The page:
What happens when we add an adjective?

In that case, the adjective must also be modified depending on the gender and case.

I’ll add the adjective gut (good) to the chart above to illustrate:

  Masculine Neuter Feminine
Nominative Ein guter Ein gutes Eine gute
Accusative Einen guten Ein gutes Eine gute
Dative Einem guten Einem guten Einer guten
Genitive Eines guten Eines guten Einer guten

Now, there are additional rules about adjective declension (modifying a word for gender/case) that fall beyond the scope of this particular discussion.

The most important thing for you to learn right now is how to really internalize the gender of each noun.

How to Remember Which Articles Go with Which Nouns

Why is it that Germans know this stuff and we don’t?

It just sounds right to them to say die Brücke (the bridge) instead of das Brücke, in the same way that English speakers think “change a diaper” sounds better than “switch a diaper.”

Native speakers simply don’t get confused about articles. By hearing, reading and speaking German every day for hours on end since childhood, they’ve absorbed these articles in a fundamental way.

Fortunately, there are a few ways to really nail German articles without that time commitment.

Guess Noun Genders Strategically

Any student of German will probably tell you that the single hardest part of speaking correctly is remembering which article goes with which noun based on its gender.

Perhaps even more so (with some resentment) if they’re coming from a language like Italian or Russian, where a word’s gender is fairly predictable based on how it’s spelled.

It turns out, though, that German word gender is predictable to an extent as well. You can get most of the way there by knowing four things:

  • Certain word endings are always feminine-ei, -heit, -keit, -schaft, -ung
  • Certain word endings are always neuter-chen, -ium,-lein, -o, -um
  • And here are the ones that are always masculine-er, -ich, -ismus, -ist

Hey presto, you can now guess the gender of the vast majority of German nouns!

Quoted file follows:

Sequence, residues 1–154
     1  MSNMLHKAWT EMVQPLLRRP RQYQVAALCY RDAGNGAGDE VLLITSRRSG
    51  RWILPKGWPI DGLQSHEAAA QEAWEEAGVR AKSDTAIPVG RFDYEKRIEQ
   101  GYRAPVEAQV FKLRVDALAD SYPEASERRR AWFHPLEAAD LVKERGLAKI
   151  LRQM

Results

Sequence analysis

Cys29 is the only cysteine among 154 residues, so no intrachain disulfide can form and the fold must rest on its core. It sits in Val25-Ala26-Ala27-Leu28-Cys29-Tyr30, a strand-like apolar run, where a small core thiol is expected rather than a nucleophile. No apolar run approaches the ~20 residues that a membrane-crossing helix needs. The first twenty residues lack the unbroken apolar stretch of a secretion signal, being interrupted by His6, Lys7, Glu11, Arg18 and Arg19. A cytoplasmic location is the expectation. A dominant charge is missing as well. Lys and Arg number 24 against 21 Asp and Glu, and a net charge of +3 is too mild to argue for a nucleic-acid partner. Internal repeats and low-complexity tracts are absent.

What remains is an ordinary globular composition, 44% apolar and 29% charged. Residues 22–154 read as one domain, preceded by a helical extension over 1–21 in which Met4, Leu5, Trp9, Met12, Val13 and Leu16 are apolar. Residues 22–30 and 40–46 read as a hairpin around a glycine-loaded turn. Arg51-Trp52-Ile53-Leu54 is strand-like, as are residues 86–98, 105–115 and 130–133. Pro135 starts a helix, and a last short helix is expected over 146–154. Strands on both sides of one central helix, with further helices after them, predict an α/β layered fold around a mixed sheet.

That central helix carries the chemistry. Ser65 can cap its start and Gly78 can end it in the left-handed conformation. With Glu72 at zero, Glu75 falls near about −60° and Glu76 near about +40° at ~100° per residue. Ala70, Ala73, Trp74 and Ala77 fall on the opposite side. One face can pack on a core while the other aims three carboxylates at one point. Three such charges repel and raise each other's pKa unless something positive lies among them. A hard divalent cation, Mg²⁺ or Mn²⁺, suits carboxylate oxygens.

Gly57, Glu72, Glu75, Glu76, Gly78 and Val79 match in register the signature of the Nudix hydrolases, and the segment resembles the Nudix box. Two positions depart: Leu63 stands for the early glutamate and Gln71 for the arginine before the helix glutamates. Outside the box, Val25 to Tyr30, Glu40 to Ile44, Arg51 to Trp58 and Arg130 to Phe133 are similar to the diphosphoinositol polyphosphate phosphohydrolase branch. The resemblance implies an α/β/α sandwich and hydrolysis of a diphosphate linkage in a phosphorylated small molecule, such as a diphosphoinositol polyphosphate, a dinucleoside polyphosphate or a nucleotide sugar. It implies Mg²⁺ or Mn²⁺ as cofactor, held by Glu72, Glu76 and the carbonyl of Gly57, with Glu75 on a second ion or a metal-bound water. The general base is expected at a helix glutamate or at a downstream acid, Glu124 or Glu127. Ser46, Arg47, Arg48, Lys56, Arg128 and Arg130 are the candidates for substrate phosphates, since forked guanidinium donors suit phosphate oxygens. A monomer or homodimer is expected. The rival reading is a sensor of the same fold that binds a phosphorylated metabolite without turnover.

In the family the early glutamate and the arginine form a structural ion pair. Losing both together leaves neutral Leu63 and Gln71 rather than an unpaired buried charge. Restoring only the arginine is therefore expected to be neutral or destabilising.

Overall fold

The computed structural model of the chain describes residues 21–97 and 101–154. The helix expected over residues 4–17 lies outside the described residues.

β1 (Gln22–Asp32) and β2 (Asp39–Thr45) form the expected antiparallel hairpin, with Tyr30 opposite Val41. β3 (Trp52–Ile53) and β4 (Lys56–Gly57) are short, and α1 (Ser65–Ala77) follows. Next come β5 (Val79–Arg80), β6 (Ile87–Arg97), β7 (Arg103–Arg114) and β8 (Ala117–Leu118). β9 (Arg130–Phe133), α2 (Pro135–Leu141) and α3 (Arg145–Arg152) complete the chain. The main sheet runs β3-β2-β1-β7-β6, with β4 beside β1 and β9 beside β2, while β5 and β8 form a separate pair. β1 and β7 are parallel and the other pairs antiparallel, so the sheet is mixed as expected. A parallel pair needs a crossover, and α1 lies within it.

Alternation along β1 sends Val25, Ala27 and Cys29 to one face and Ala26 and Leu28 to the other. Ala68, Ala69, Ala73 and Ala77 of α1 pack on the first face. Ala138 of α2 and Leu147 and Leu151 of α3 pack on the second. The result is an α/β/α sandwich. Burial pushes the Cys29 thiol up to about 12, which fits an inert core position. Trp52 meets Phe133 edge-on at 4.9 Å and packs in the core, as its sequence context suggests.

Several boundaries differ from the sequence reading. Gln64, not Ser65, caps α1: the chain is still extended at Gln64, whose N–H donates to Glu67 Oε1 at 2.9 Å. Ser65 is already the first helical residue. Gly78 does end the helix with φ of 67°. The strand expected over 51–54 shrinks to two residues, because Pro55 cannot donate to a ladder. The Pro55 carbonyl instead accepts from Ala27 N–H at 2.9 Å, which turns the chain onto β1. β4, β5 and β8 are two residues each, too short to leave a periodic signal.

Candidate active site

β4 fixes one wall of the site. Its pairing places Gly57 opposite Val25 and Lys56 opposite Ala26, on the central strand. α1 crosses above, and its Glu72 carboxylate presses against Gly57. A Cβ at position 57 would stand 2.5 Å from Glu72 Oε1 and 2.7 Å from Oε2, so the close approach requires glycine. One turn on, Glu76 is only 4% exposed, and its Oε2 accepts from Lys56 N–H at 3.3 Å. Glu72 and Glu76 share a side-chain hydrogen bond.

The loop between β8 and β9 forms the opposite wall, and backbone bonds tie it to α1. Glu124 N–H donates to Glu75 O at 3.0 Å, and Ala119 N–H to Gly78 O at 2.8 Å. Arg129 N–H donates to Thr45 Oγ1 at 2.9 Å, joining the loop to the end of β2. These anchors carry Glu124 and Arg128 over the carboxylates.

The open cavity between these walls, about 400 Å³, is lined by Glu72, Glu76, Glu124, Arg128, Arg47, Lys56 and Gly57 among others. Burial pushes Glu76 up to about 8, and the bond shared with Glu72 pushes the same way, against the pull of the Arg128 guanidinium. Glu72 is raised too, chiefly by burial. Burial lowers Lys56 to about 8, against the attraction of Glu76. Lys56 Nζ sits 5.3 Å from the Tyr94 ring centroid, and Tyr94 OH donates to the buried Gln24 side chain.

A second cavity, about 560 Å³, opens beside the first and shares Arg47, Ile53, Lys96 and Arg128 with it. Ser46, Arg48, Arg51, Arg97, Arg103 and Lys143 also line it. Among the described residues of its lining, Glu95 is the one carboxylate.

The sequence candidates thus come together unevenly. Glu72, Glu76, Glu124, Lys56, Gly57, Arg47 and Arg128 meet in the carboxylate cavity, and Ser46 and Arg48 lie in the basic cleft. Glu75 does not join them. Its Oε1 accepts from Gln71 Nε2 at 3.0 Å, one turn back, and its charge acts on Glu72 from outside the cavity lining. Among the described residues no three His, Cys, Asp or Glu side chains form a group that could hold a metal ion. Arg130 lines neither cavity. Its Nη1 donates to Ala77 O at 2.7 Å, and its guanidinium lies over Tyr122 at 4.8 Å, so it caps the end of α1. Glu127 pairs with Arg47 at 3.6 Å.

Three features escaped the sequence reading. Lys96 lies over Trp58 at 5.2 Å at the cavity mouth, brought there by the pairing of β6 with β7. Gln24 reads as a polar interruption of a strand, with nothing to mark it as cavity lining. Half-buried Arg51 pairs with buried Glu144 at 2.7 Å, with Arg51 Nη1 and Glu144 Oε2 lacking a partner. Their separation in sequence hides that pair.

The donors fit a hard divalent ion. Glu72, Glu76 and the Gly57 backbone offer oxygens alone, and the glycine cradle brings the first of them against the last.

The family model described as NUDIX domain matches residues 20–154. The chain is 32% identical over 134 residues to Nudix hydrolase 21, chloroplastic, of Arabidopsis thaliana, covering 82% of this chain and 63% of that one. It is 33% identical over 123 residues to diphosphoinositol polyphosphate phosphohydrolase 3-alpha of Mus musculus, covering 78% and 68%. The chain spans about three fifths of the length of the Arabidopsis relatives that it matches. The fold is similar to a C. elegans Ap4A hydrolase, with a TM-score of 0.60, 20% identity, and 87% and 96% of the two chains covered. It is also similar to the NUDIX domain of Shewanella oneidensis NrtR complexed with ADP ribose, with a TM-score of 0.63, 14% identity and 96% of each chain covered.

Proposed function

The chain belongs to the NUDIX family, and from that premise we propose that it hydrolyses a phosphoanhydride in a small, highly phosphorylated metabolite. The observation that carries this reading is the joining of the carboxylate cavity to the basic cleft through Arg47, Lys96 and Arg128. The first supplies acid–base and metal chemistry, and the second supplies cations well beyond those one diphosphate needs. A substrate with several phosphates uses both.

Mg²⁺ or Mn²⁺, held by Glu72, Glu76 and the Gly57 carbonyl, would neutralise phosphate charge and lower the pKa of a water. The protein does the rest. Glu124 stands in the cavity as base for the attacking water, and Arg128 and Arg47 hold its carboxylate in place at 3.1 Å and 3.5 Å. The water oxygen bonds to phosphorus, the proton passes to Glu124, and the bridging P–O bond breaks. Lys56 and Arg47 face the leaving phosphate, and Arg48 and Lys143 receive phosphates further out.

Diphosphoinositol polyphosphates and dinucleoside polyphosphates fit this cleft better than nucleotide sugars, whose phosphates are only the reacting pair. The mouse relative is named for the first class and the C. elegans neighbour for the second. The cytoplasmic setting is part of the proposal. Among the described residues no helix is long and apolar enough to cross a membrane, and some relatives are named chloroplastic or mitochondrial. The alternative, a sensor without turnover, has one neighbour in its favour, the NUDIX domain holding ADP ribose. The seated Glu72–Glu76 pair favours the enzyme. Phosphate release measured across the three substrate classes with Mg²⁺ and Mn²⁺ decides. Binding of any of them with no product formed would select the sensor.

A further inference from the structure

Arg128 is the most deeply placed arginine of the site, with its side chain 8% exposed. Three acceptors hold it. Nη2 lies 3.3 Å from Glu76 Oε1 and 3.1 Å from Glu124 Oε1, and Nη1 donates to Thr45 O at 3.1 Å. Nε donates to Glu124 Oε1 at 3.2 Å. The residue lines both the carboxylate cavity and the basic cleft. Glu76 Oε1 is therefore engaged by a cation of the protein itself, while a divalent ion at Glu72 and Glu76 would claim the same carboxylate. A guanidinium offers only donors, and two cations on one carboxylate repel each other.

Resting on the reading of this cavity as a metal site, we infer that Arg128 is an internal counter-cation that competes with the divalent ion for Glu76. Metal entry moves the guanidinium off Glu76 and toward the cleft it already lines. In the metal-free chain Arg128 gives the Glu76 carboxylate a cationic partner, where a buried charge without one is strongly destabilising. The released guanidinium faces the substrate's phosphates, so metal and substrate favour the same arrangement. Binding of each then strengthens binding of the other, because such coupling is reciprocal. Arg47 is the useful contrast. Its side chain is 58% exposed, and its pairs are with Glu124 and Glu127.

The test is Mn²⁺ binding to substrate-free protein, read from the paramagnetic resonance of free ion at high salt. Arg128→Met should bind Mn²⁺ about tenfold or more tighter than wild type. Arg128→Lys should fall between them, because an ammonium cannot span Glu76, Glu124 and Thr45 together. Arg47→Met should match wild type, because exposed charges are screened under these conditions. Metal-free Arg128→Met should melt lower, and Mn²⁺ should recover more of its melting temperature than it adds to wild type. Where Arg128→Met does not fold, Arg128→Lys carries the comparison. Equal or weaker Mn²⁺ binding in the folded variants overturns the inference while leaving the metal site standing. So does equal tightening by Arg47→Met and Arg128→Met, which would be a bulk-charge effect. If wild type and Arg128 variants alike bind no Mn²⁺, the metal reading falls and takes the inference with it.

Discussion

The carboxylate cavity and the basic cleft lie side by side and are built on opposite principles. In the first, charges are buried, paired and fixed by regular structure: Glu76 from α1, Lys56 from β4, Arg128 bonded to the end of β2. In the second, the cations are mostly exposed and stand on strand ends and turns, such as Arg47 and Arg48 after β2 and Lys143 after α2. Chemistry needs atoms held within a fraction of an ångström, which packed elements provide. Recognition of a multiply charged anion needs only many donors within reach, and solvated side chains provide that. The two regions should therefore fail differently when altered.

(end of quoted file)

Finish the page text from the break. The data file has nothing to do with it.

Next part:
Use Good Ol’ Memorization

The stricter you are with yourself when starting out, the better you’ll do in memorizing German articles forever.

That means to regularly check yourself on the words you know and the words you’re learning. You can do this very simply.


  • Take a German word list that you’re familiar with, perhaps from a textbook, and copy it down without the articles.
  • Go do something else for a few minutes to get your mind briefly distracted.
  • Come back and try to rewrite all the articles from memory.


If pencil and paper isn’t your thing, you can try an app like Der Die Das on Android or German Articles Buster on iOS.

It sounds like a real grind. But by applying yourself and really forcing yourself to make these things automatic in your speech and writing, you’ll prevent bad habits and save lots of time in the long run.

Learn and Love Set Phrases

Once you can reliably produce the article for any given noun you know (putting you, to be honest, well above most German learners), you have to turn that into real language use.

Simply look at a bit of running text like a short article or a subtitled video.

Then write down or otherwise point out to yourself the noun phrases. For example, take this line:

In einem deutschen Gasthaus würde man niemals einen Fernseher mit Basketball im Hintergrund sehen. (In a German restaurant one would never see a TV with basketball in the background.)

From this, we can easily parse out the phrases in einem deutschen Gasthaus, einen Fernseher sehen and in dem Hintergrund.

That means in the future when you want to say, for instance, “in a Mexican restaurant” you can simply switch the adjective while keeping the endings intact: in einem mexikanischen Gasthaus.

This way, you pick up and reinforce the adjective ending rules automatically!

Again, this is more memorization but just think of it as a fast track to a native-level Sprachgefühl, or “language feeling.”

The more actual German content you read and listen to, the less you’ll have to consciously memorize these patterns.


Now you’re all set to waltz back into that beer hall and confidently order a drink using the exact right German articles.

Enter your e-mail address to get your free PDF!

We hate SPAM and promise to keep your email address safe